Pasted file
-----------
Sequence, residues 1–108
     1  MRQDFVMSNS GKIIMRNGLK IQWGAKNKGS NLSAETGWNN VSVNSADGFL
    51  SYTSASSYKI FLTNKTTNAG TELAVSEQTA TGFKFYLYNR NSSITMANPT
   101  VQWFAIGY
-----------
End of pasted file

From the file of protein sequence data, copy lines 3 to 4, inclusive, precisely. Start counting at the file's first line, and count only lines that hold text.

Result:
    51  SYTSASSYKI FLTNKTTNAG TELAVSEQTA TGFKFYLYNR NSSITMANPT
   101  VQWFAIGY